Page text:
Let Us Work

Hey, I know it’s been a while since I posted here, but I promise I’ve got some stuff in the works.  In the meantime, here’s the latest post I wrote for the Habitat Interfaith Build blog-


We cannot stop.

We have worked hard, and accomplished something great.  The homes we built last year are a testament to the beauty of diversity, the sanctity of humanity, and the unfathomable, infinitely delightful, and irrefutable worth of our efforts when we come together for the good of one another.

At the same time, the world in which we performed that work has fractured.  The fear-borne divisiveness of our society has reached extreme highs, and the importance of our efforts to build community has subsequently skyrocketed.

Now, more than ever, we need people to start coming together in humility.

Now, more than ever, we need to be willing, able, and eager to learn from one another, and to serve one another.

Now, more than ever, our work is at its beginning.

That is not to say that the work we’ve already done is null and void, by any means.  On the contrary, what we’ve managed to accomplish so far shows us just how significant that work is.  It shows us how effective and meaningful this type of service is in combatting the trouble that seems to surround us in ever-increasing magnitude.

And yet there is so much yet to do, so much yet to begin fully.  When we consider that the entirety of humanity suffers or thrives as one, that the Image of God exists in the unity of all people, we have no course of action but to come together in action.  We are compelled to begin the restorative work of service.  And this service is not merely done for those we serve, nor for our own pride.  We serve one another for the greater good of every single one of us.

The artist Lilla Watson once said, “If you have come to help, then you are wasting your time.  But if you have come because your liberation is bound up with mine, then let us work together.”

If there is one thing Habitat is good at, it is “working together.”  The journey we embark on with each and every homeowner is a testament to the value of cooperation, human dignity, and the potential within all of us to build great things together.  We emphasize that what we do is a “hand up,” not a “handout.”  The work done at these Interfaith Builds especially, brings all people of different backgrounds together, to walk alongside a homeowner in the incredible work they do.  It is not the work of some, presented as a gift to others.  It is an act of supreme equality and togetherness.  It is the efforts of many, for the good of many.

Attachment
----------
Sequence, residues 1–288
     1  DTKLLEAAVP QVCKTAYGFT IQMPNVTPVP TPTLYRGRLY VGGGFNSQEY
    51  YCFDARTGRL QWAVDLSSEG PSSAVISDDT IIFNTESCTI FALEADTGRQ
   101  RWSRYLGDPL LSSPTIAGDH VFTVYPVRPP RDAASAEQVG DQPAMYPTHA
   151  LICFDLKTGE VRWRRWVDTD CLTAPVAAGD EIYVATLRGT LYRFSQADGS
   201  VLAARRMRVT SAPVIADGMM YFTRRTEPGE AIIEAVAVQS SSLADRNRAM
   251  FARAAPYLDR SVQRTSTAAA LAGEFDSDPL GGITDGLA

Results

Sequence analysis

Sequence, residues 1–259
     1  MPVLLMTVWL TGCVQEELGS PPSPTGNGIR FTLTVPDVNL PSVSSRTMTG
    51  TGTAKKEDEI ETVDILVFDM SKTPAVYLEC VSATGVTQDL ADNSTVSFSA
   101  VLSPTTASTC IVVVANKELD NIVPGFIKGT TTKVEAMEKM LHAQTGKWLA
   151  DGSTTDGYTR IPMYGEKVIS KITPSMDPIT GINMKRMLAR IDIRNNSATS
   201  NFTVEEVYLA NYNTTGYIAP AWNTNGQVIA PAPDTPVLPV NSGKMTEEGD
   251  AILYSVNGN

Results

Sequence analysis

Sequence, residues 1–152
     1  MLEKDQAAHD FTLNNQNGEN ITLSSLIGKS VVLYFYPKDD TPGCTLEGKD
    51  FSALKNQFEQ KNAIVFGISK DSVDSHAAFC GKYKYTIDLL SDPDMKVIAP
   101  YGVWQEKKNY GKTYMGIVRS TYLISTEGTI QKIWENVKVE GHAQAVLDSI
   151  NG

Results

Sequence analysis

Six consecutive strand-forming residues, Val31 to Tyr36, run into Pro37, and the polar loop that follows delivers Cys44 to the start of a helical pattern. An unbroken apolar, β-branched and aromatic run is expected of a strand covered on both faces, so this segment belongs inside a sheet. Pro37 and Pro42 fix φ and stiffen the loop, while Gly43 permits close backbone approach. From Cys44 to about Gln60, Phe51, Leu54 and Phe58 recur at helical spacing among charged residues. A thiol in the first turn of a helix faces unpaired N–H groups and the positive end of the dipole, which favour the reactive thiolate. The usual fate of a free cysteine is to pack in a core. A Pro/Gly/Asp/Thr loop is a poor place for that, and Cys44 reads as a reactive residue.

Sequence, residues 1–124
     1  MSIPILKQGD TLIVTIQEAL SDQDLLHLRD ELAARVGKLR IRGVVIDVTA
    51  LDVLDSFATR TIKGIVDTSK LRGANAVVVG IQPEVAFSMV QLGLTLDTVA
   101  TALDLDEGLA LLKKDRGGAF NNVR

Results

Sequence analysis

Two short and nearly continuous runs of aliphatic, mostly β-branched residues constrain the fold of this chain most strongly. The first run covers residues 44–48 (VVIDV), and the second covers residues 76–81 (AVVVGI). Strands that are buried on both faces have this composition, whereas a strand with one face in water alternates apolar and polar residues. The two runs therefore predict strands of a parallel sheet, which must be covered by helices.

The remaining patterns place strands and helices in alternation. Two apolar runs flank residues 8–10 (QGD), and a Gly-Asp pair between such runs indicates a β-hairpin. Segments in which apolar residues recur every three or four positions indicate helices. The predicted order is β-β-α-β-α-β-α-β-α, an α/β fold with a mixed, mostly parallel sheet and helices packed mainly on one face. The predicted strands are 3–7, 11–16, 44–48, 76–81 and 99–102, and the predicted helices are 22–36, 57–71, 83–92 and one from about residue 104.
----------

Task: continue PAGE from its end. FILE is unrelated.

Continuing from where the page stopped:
And it is as hard as it sounds.  The efforts of many (as you may have already guessed) cannot be done alone.  In order to make these builds possible, we need the support of many different faith groups, coming together for one cause.  Currently, we are striving to attain the funding necessary for this year’s Interfaith Build.  It does not happen overnight, and it does not come easily, but we invest in it persistently.  We commit to this work, because we trust that accomplishing it together is glorious.  We commit to this work, knowing that despite our diverse religious backgrounds, our religious conviction to serve and to love one another can still unite us.  We commit to this work because it is worth every bead of sweat, every dollar spent, and every difficult moment, to see this work done.

So let us work together, all of us.  Let us work together to show love and kindness to our fellow human.  Let us work together to become better people together, and heal our hurting world.  Let us work together to build homes for families, hope for tomorrow, and community for everybody.


Peace, Salaam, Shalom.


Ps- If you are interested in supporting this year’s Interfaith Build financially, or getting your faith community involved, please contact Joel Reichenbach.  You can call him at 317.777.6070, or email him at jreichenbach@indyhabitat.org


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